+VIDEO The government has launched a public consultation on legalising skytyping and skywriting in UK airspace.
Skytyping is a method of typing messages in the sky using multiple aircraft positioned in line abreast formation, emitting pulses of smoke to produce letters and words, a bit like a dot matrix printer.
Skywriting uses one aircraft which flies manoeuvres trailing smoke to draw symbols and words.
The UK company behind skytyping is Airborne Services, headquartered at Henstridge Airfield in Somerset. The company is also home to Team Yakovlevs, a six-ship aerobatic formation display team which has been active on the international display circuit for the last 20 years.
Team Yakovlevs has partnered with Skytypers Inc, the US company behind the unique system, who have been skytyping in the US for more than 70 years.
Jez Hopkinson, CEO of Airborne Services and Team Yakovlevs lead pilot, said, “We are delighted that UK government is considering permitting the activities of skytyping and skywriting.
“Getting to this stage has required no small effort and we certainly wouldn’t have got here without the valuable support of the GA Units at both the CAA and the DfT and also the All-Party Parliamentary Group for GA.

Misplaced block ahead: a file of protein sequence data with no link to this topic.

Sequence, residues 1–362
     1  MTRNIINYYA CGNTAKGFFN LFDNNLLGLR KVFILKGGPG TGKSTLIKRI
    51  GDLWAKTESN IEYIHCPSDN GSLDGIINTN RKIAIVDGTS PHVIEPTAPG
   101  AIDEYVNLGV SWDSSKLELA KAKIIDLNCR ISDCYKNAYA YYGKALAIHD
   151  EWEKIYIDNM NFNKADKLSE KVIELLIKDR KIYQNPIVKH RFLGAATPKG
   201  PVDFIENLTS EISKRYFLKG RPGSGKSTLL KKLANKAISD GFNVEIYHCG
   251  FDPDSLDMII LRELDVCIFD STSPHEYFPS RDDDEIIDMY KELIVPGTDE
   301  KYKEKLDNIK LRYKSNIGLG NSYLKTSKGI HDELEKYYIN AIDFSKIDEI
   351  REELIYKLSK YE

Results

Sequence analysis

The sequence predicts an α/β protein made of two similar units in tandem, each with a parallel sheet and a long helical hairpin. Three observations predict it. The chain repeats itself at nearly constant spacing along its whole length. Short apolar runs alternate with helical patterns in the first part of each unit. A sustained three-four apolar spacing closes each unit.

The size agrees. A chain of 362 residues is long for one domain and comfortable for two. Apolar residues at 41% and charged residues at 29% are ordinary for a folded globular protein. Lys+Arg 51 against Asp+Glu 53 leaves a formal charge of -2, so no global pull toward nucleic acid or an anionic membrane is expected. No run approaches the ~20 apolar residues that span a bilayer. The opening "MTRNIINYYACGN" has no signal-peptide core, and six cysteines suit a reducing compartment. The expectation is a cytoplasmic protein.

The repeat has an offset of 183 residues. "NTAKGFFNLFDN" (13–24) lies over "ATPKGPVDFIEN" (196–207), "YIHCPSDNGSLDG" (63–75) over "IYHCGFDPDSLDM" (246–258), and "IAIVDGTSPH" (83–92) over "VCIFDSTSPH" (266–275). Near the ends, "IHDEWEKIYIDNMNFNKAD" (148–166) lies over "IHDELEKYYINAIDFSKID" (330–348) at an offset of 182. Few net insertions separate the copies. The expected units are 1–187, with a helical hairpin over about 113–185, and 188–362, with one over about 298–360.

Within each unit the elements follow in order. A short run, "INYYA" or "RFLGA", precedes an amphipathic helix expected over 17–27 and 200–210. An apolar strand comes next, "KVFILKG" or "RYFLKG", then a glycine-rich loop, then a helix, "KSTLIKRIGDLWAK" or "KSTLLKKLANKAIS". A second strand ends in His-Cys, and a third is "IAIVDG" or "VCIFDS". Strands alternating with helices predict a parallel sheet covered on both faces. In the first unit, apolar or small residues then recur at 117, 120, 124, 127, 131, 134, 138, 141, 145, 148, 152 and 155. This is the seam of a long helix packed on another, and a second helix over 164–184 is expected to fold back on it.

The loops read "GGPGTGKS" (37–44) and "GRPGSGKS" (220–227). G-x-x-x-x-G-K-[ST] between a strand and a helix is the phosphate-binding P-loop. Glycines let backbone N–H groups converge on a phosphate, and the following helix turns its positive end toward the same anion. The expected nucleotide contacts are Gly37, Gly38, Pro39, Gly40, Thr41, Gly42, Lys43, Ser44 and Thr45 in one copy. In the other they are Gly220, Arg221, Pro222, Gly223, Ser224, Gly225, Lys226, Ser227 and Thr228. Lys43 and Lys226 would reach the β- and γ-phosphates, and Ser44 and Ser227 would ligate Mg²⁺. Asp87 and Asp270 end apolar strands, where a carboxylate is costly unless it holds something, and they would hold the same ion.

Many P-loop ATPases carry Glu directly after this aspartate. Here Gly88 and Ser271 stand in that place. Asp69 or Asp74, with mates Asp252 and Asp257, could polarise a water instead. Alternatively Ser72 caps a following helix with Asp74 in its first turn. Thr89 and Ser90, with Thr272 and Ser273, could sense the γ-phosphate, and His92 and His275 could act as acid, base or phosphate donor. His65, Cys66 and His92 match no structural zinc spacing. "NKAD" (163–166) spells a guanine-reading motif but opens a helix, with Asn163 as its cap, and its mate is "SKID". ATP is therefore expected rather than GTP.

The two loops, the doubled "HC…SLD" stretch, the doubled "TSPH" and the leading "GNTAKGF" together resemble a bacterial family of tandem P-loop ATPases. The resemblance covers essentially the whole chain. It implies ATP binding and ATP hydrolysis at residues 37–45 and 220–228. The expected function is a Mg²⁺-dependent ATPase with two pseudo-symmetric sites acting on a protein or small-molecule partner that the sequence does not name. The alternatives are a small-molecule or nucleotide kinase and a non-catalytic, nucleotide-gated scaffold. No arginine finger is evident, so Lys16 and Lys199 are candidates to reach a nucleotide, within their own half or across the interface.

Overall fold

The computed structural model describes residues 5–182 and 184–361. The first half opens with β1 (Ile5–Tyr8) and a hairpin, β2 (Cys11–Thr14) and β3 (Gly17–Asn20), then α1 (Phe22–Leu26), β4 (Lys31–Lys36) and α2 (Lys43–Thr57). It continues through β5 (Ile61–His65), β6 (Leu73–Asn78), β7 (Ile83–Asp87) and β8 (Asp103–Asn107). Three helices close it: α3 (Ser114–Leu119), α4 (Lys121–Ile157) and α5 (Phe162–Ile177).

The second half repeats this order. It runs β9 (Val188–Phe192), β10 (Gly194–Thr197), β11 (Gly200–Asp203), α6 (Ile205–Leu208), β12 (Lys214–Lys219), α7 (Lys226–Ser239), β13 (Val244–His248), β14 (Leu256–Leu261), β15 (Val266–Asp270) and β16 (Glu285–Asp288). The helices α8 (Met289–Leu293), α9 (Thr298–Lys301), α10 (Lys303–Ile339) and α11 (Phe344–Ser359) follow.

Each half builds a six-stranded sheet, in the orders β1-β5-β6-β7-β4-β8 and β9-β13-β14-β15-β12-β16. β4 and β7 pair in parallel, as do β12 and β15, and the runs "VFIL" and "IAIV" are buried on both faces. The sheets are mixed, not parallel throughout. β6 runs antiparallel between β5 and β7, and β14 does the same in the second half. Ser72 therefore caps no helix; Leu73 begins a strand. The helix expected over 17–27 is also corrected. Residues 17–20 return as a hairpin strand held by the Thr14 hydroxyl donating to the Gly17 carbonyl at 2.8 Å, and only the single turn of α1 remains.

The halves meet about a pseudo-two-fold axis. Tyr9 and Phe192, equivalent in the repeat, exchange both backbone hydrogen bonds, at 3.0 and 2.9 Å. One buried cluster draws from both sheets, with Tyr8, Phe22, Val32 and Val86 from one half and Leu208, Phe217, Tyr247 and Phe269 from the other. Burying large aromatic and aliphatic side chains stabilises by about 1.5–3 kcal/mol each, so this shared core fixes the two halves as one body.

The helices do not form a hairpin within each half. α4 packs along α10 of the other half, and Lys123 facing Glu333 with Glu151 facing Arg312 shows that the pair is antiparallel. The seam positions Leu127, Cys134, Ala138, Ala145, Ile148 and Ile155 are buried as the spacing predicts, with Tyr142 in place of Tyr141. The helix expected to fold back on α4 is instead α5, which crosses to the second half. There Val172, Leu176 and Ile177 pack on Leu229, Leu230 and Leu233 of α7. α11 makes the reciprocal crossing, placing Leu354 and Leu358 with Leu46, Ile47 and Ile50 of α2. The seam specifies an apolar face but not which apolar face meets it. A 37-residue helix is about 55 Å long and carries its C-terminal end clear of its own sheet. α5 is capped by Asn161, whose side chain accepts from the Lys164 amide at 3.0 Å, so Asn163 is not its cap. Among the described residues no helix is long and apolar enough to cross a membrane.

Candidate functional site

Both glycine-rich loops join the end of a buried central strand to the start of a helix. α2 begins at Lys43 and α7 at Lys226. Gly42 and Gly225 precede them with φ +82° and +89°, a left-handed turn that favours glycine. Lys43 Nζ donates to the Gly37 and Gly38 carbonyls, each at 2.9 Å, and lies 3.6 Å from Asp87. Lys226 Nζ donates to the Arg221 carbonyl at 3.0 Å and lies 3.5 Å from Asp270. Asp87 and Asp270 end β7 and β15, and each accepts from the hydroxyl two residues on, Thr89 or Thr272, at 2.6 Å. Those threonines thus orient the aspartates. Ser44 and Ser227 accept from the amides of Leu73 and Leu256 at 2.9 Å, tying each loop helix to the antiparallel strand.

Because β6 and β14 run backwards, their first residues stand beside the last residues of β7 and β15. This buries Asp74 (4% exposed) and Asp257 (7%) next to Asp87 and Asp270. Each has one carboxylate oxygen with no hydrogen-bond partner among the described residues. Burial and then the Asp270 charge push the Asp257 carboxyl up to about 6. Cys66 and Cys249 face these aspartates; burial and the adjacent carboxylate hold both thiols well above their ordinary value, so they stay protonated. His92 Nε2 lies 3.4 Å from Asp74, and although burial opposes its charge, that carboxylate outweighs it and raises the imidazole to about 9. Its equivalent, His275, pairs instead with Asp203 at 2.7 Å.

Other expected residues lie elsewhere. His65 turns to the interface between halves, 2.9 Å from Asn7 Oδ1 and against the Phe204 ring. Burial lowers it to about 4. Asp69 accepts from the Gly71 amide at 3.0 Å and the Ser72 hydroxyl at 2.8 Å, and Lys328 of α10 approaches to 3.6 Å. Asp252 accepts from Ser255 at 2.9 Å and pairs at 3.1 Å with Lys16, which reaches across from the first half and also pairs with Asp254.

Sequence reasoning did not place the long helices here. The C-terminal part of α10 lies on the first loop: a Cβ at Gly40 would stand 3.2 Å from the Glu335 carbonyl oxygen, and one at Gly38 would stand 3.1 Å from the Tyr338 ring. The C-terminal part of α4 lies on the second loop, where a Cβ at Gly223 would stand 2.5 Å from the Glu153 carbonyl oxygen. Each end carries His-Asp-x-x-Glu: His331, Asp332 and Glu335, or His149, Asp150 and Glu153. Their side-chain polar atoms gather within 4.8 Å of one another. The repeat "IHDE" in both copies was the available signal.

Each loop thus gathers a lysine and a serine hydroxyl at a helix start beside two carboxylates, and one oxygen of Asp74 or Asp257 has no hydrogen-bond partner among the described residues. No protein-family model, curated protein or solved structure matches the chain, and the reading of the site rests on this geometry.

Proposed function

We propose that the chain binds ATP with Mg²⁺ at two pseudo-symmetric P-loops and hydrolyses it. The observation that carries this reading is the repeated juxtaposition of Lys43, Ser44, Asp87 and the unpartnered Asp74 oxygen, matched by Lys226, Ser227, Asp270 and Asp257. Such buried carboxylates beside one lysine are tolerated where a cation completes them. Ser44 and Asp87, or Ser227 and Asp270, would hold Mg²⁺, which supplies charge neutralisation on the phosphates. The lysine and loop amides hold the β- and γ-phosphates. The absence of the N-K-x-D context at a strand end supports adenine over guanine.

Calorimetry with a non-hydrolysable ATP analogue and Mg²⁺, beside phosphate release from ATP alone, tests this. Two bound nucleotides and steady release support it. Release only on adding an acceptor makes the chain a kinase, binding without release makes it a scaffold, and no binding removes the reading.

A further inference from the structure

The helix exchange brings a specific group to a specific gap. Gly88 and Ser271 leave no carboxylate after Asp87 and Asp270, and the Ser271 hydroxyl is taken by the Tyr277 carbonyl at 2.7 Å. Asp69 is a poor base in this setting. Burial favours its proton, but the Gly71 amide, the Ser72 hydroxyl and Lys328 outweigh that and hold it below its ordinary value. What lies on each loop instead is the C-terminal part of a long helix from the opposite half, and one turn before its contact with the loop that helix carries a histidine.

“The consultation is most welcome but it does contain some slightly misleading information,” continued Jez.
“The consultation appears to imply that skytyping was previously banned in UK airspace due to safety concerns, back in the 1960s. This is not the case as skytyping had never been conducted in UK airspace before we undertook a (safe) trial in 2016.
“What the consultation paper is probably referring to is safety concerns over skywriting, which requires more abrupt aerobatic manoeuvres to deliver, and which therefore may have been banned previously.
“Skytyping is classed as basic formation aerobatics as the angle of bank doesn’t exceed 30 degrees and aircraft separation is between 40m to 80m, dependent on the altitude that skytyping is conducted. It’s a marked difference to the advanced formation aerobatics that we normally perform as a display team.
“The consultation also fails to mention the fact that the activities are highly weather dependent and this means that UK roll-out will be significantly limited.
“We do not have the capability, or indeed the inclination, to carpet-bomb UK airspace with messages therefore and hope that the general public will appreciate this limiting factor.”
The consultation runs until the end of March 2020 and can be found here.